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Kid-friendly Open Streets Festivities Coming to Astoria

Ditmars Boulevard Open Street (Photo: DOT)

Oct. 6, 2021 By Max Parrott

The city Department of Transportation is bringing the party to Astoria’s Ditmars Boulevard open street in October.

The DOT is sponsoring kid-friendly performances and bike workshops across upper Manhattan, the Bronx and Queens throughout the month. The Queens portion of the celebrations will take place on the open street on Astoria’s Ditmars Boulevard, which runs from 33rd to 36th Street, and fully closes every Friday and Saturday.

Street Lab, a nonprofit dedicated to public space programming, will provide activities along the open street from 5 to 8 p.m. on Friday, Oct.15, including a touch-free obstacle course consisting of multi-color barriers, balance beams and a limbo bar. The organization will also bring its Street Maker kit, which allows neighbors to use chalk and other drawing tools to create murals on the pavement.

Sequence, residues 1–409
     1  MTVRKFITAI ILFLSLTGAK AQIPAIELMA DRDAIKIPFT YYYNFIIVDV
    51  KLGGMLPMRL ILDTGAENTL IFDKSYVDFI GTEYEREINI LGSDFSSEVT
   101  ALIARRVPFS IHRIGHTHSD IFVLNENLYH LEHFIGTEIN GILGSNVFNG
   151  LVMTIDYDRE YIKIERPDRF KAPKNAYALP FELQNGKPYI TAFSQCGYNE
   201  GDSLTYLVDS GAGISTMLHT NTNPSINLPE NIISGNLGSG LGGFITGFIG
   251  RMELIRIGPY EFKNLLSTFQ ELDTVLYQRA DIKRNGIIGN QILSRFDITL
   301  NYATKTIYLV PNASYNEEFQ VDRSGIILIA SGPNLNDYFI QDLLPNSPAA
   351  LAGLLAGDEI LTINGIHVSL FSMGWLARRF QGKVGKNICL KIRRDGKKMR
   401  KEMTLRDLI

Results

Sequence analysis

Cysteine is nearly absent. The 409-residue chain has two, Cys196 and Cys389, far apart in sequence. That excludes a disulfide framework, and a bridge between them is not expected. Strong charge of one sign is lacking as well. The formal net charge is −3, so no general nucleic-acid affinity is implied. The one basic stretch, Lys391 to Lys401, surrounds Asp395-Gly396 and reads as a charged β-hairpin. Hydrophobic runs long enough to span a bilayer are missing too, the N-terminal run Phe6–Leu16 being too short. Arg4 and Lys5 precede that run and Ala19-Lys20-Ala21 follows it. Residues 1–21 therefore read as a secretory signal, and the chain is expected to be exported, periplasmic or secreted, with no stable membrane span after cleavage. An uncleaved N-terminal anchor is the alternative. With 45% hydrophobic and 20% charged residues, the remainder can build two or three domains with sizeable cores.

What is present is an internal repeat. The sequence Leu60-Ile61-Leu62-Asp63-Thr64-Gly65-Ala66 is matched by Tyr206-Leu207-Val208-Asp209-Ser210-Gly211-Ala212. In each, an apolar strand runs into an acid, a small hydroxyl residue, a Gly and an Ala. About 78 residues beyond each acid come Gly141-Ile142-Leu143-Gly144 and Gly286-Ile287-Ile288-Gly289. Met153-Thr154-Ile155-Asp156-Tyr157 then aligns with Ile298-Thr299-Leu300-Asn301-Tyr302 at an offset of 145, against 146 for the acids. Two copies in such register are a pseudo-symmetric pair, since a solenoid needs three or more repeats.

The Astoria open street will provide a location for performances by the Bindlestiff Family Cirkus, a vaudeville-inspired group of street performers, from 5 to 8 p.m. on Saturday, Oct. 16.

The initiative is part of the city’s effort to support the Open Streets program, which closes roadways down to cars in residential areas, specifically in neighborhoods that are underserved and need them most. In May, the city passed a law that mandates the DOT provide the resources for Open Street sites in areas that would otherwise be underserved by the program.

The celebrations comes as a collaboration with Lyft, which will be promoting Citi Bike on the Open Streets. In neighborhoods like Astoria, which have seen Citi Bike expansion in the past two years, Lyft is offering riders 50 percent off the cost of an annual membership.

“Open Streets have fundamentally transformed the relationship New Yorkers have with their neighborhoods,” said DOT Commissioner Hank Gutman. “We’re reclaiming space from cars while promoting educational and cultural activities and helping our neighbors embrace the bike boom in our city.”

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Ian

Makes sense. It has been empty since its opening. Everyone is on the sidewalks no one is using the closed streets.

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